Where is your nonprofit on the social media continuum?
These days, your organizations is likely in one of three places when it comes to social media:
- You have a presence across several social media channels and most people on staff get it. There is a clear, accepted understanding of how your organization can use social media to build relationships with various audiences. One or several staff manage it. You may even have a policy in place and have held discussions in staff meetings.
- Your staff have personal profiles on various social networks and may even use Twitter or write their own blog. They may occasionally mention your organization, but no one is coordinating how often they post content, thinking about goals for your overall organization, seeking out your supporters, or keeping an eye out being consistent or authentic with whatever is said.
- Your boss, executive director or board thinks social media is a waste of time–or don’t get it at all. They are afraid to open the door to controversy or think it will distract from other, more worthwhile ways to spend your day. They’ve conjured up the ‘worse case scenario’ and can’t see beyond it. What they don’t realize is that ‘scenario’ may already exist. In other words, their fears may be that someone will say that you don’t provide good services or mismanage your funds or some other negative attack. Truth of the matter is that, people can already write negative things about your on Facebook, Twitter, blogs and on other sites.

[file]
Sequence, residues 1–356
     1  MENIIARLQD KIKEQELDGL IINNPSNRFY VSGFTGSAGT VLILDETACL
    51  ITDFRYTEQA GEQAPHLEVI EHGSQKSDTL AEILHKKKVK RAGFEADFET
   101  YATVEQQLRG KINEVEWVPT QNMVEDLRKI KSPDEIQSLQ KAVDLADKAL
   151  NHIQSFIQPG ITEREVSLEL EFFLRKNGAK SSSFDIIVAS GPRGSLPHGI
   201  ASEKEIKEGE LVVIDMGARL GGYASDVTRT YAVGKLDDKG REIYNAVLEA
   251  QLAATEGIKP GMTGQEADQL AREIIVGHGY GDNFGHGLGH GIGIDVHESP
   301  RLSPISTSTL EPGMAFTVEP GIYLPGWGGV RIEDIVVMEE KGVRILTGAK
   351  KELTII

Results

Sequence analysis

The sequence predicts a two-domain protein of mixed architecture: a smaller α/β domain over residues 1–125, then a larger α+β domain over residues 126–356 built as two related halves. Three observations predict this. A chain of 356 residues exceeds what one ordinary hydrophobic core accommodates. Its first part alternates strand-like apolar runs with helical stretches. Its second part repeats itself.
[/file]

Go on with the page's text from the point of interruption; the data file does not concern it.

Do any of these sound like you? Perhaps you are somewhere along the spectrum of how accepted and integrated social media is in your organizational culture. Depending on where you are, the course of action will range from having to convince your colleagues that social media is valuable to pausing to evaluate how well you’ve been using these tools to connect with your audience.
Thinking about creating a social media policy or have one you want to share? Share your thoughts here. I’d love to hear what you think.